Joseph Addison, "The Pleasures of the Imagination" in The Spectator, No. 416, July 2, 1712

It is possible this defect of imagination [the inability to get one's brain around the very, very large or the very, very tiny] may not be in the soul itself but as it acts in conjunction with the body. Perhaps there may not be room in the brain for such a variety of impression, or the animal spirits may be incapable of figuring them in such a manner as is necessary to excite so very large or minute ideas. However it be, we may well suppose that beings of a higher nature very much excel us in this respect, as it is probable the soul of man will be infinitely more perfect hereafter in this faculty-as well as in all the rest-insomuch that perhaps the imagination will be able to keep pace with understanding and to form in itself distinct ideas of all the different modes and quantities of space.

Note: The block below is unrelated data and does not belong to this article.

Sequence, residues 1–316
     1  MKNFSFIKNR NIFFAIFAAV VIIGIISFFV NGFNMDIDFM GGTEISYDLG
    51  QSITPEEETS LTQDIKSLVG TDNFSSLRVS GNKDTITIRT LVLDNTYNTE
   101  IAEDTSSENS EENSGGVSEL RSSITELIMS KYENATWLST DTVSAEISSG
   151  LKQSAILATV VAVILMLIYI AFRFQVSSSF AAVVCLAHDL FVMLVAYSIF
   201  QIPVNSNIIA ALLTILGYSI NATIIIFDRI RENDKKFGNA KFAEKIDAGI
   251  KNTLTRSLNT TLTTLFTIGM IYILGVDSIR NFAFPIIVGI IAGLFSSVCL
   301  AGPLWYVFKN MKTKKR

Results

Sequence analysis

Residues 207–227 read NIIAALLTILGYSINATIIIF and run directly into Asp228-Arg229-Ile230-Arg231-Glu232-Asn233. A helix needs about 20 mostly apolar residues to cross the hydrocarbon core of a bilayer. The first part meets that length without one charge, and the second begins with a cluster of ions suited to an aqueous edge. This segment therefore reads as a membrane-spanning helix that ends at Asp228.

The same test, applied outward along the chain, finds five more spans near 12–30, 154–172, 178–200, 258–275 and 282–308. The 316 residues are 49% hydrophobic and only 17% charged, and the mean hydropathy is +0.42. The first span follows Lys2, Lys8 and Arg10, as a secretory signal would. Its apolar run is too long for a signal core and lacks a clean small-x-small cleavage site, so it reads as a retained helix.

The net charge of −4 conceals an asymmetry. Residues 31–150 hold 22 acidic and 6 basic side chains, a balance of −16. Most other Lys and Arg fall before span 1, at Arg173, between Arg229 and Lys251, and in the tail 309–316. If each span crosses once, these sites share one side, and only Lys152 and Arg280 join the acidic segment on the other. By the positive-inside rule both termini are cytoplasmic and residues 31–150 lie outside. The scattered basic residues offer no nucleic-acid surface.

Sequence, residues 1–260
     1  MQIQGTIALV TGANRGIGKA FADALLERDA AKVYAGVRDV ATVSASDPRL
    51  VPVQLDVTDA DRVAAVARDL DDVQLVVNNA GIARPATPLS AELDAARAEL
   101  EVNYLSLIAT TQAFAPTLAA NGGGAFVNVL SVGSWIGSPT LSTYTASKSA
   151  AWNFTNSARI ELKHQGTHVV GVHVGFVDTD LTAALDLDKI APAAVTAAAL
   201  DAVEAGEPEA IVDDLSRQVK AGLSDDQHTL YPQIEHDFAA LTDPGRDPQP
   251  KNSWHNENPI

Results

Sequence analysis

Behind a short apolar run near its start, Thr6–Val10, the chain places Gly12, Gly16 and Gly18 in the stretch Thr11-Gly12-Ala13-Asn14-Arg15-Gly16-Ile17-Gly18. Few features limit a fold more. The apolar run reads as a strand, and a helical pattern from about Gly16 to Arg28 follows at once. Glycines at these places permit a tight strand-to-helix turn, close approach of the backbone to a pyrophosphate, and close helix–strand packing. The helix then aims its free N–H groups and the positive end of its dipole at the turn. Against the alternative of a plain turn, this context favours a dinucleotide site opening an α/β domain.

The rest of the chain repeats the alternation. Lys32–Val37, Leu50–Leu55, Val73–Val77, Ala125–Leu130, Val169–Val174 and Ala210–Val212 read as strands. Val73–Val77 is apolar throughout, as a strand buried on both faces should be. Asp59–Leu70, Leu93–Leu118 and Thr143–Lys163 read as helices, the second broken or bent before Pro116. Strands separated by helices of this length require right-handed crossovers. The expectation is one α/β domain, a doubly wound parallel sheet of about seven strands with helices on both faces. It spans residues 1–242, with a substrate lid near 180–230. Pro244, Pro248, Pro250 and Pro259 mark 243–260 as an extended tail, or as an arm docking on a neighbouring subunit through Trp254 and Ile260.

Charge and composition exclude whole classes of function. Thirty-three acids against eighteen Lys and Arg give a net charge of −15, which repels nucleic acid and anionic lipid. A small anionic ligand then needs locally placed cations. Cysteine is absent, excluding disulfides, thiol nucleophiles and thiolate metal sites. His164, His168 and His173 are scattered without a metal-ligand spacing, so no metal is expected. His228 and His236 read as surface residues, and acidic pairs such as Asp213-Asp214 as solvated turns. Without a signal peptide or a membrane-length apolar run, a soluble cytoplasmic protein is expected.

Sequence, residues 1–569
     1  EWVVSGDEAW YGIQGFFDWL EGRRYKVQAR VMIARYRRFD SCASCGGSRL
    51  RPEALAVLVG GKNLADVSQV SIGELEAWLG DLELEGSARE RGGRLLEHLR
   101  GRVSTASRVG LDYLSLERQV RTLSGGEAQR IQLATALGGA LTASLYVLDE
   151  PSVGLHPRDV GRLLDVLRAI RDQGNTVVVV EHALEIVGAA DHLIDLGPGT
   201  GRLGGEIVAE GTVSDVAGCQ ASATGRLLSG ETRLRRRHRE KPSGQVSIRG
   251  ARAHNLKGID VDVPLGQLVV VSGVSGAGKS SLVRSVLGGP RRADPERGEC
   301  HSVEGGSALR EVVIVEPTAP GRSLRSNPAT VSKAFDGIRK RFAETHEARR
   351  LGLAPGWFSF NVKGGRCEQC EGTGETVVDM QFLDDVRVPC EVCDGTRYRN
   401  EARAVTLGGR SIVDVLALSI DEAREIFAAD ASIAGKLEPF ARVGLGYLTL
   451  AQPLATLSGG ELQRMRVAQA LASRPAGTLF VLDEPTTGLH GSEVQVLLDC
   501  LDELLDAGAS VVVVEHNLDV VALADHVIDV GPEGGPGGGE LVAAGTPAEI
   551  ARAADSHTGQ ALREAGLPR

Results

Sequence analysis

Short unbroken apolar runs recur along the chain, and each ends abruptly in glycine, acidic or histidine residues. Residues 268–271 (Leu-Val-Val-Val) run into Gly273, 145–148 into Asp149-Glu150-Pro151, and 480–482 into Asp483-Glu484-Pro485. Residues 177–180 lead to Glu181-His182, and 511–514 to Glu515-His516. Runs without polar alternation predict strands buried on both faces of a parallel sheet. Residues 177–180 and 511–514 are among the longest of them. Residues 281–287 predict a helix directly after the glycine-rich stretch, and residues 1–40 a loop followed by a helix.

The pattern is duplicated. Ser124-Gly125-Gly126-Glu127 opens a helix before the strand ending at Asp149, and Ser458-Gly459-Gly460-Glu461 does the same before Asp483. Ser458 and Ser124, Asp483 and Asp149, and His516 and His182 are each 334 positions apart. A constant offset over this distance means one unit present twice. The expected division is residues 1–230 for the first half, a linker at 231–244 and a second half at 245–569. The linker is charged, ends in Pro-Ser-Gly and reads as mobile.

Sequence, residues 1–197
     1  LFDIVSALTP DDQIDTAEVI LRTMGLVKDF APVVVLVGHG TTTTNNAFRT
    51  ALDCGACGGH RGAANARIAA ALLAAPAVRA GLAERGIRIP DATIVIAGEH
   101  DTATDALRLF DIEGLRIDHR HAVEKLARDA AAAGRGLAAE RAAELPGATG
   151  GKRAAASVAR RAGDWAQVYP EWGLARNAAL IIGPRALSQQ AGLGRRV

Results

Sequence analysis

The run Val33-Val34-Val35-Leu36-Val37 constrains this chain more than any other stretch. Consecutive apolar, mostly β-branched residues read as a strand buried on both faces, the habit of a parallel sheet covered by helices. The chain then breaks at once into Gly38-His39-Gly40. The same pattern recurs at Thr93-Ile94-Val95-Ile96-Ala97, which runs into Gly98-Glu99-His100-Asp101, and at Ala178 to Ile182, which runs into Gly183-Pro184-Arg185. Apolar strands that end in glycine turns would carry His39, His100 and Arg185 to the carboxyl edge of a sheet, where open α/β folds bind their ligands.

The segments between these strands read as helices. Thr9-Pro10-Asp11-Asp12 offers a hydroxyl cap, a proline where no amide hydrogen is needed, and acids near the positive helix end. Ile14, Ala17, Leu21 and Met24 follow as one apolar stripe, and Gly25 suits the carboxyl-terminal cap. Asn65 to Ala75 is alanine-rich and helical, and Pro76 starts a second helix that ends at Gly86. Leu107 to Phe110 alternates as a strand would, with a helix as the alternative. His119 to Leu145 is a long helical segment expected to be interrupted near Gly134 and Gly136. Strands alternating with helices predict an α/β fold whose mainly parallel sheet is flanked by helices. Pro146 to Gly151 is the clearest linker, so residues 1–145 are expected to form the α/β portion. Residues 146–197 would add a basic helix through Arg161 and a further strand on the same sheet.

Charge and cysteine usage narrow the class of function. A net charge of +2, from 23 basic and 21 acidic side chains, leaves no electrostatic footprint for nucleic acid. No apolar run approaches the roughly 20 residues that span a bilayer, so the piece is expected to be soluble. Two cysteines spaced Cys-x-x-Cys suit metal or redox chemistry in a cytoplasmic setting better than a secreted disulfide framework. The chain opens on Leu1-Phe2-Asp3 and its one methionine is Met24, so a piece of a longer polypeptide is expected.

The body and the soul are seen as distinct, though influential on each other. The soul might have the capacity to take in the "world" or the "atom" if it weren't for the body's limitations getting in the way. Perfection might come in the form of the body's decreased influence on the soul or, more interestingly, as the finer fusion of body and soul. The animal spirits must better transport feeling and accommodate sensation if the imagination is to be given free reign. Imagination becomes a component of evolution opening up the possibility of, again, nationalist or classed ideas about who can imagine what.

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